Well Sonos is rarely going to give definitive yes/no answers to that sort of thing as they may find away in the future, or do a hardware change.  But I think the statement leans the probability of it being technically feasible to the ‘no’ end of the spectrum.

 

On the difficulty argument -  Adding surrounds to a soundbar isn’t really any more difficult than creating a stereo pair, yet creation of a stereo pair is allowed. 

 

 

Stereo pairing which speakers?   Yes, it’s easy to stereo pair roams, and they speakers have auto trueplay to tune themselves.  It used to be that if one of the speakers were turned off or away from the network, then the other speaker would continue on as single speaker room.  Bringing the other speaker back on WiFi would result in a 2nd room created. I’d have to manually pair the speakers again.  And all of this would cause havoc on the rest of my smart home theatre as well.  I believe they’ve made some changes to this since then, but I don’t recall exactly what they are. And you cannot bond a sub.

Stereo pairing of Sonos Ones for example, is different.  You don’t have autotrueplay, so trueplay is an extra step you might want to take.  If one of the speakers is powered off, the other speaker doesn’t return as it’s own room, it continues playing a single left/right channel till the other returns.  And you can bond a sub.

But regardless, I think the context was about the users difficulty of bonding pairs vs bonding surrounds.  I really don’t want to go through the process on a regular basis for either case, with any speakers.  If Sonos were to do it ‘right’, I’d want to be able to setup stored profiles somehow, so that I could easily switch the configuration of speakers in my home without redoing setups.  And I would want it so that the rest of my smart home doesn’t get all confused with the changes.

 

 

I’m wondering exactly what code would have to be written in to the Sonos system to support/deal with one or both surround speakers being “missing”. Right now, it’s just a error condition, but if this concept were supported, there’d likely be an expectation that something specific happens when there’s only one speaker as part of the surround pair, as well as a no speaker option.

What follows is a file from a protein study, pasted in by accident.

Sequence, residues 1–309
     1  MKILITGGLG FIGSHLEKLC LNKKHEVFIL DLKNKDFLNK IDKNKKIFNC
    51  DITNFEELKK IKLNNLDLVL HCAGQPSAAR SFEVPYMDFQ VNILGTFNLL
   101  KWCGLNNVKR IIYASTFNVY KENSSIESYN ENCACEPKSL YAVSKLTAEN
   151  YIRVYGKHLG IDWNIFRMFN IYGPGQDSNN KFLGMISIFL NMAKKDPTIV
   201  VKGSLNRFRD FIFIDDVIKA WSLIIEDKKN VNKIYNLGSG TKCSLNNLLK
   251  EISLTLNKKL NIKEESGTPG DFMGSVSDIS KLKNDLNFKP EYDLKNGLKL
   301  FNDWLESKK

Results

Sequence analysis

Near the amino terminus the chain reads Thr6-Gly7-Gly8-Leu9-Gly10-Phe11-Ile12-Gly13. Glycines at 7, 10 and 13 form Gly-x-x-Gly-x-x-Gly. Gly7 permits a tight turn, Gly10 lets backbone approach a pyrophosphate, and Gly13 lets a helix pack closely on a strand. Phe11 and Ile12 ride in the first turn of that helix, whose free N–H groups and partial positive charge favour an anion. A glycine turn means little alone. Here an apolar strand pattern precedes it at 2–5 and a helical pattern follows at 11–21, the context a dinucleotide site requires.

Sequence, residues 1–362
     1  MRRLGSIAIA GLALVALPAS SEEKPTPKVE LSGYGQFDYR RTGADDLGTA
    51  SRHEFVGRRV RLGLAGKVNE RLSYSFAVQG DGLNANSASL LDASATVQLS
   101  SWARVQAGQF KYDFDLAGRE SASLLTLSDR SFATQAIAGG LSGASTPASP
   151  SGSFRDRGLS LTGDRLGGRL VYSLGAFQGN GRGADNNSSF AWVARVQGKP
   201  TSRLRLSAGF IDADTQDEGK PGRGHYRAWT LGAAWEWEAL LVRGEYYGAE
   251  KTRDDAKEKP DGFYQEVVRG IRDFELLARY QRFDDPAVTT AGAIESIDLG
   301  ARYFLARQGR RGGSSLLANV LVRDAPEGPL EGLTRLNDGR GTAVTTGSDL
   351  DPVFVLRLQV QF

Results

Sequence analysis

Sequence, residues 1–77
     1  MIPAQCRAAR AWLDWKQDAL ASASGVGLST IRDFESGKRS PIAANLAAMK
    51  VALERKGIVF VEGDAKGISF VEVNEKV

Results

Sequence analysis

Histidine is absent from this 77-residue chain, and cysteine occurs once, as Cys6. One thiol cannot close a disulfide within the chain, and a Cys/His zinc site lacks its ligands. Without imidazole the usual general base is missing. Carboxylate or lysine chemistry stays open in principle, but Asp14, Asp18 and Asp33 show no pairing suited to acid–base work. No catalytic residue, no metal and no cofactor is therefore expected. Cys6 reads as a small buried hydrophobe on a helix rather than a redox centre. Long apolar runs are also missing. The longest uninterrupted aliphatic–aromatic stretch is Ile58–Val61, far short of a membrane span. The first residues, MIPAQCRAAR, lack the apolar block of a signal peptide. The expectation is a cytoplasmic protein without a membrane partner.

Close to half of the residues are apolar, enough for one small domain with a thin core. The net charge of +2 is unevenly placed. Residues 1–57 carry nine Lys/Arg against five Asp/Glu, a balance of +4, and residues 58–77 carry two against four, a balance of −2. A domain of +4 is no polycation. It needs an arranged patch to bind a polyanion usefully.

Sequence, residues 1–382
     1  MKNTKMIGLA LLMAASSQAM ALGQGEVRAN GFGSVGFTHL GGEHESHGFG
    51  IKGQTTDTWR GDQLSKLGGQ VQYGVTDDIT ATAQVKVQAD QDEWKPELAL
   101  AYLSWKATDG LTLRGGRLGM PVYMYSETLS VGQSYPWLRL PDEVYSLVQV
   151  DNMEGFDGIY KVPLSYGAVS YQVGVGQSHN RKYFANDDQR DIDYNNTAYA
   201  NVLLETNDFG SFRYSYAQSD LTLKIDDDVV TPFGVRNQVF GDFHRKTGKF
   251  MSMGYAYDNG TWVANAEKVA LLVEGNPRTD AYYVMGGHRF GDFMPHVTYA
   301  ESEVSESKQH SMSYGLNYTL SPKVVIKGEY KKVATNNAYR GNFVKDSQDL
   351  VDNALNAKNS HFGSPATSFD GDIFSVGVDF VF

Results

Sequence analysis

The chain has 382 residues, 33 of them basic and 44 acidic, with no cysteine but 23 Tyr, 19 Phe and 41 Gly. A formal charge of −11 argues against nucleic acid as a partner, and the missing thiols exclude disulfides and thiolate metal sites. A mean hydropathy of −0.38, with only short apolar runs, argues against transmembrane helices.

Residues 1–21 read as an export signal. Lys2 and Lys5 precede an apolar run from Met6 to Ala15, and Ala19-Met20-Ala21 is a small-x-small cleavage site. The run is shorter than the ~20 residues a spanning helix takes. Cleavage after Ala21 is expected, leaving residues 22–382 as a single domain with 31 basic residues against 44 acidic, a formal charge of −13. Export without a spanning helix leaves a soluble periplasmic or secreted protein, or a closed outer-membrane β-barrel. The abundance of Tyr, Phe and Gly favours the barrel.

And then the complaints about “this person took the portable speaker and didn’t return it to the surround system setup” part of that, too. For instance, your child decides they want a Roam to play on their picnic, while you want to watch a movie with surround sound….

I get the desire, for sure. It’s a Sonos speaker, why shouldn’t it be used for surround duty? But you could then argue the same thing about using their soundbars as surround speakers. Why not use a pair of Beams? 

 

 

I don’t see why the handing would need to be any different to what happens currently. The system can currently cope with either one or both surrounds being without power (i.e. doesn’t cause a crash).

 

 

It doesn’t cause a crash, but your Arc doesn’t start using the side firing speakers for surround duty, or compensate trueplay, for the missing speakers.

 

Also doesn’t the issue you mention in your second paragraph already exist when Sonos roams are configured as a stereo pair? I don’t see why the surround use case should be considered any different. Furthermore, for me it would be a complete non-issue because using the roams as surrounds would be the irregular use mode rather than their normal use mode.

 

Yes, in a way.  However, if one Roam is removed from a pair, the other speaker can still play on.  If they were used as surrounds, removing one means the other one can’t play at all.  Probably not important distinction to many.  As I mentioned earlier, breaking a stereo pair of Roams is very annoying to me because of it’s impact on the rest of my smart home setups.  It would be even more so if sometimes the speakers are 2 separate rooms, sometimes they are a pair, and sometimes they are surround speakers.   But sure, others are not going to have the same concerns as me.

 

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But regardless, I think the context was about the users difficulty of bonding pairs vs bonding surrounds.  I really don’t want to go through the process on a regular basis for either case, with any speakers.  

 

This is why I don’t buy into the argument that was offered earlier in the thread that people would have difficulty adding roams as surrounds on a repetitive basis. The same issue basically exists for stereo pairing roams (especially roam SLs), and yet stereo pairing is still supported. 

It’s also not possible to add a stereo pair “on the fly” as surrounds. You need to seperate them before you can bond them as surrounds. A rather cumbersome procedure.

 

But regardless, I think the context was about the users difficulty of bonding pairs vs bonding surrounds.  I really don’t want to go through the process on a regular basis for either case, with any speakers.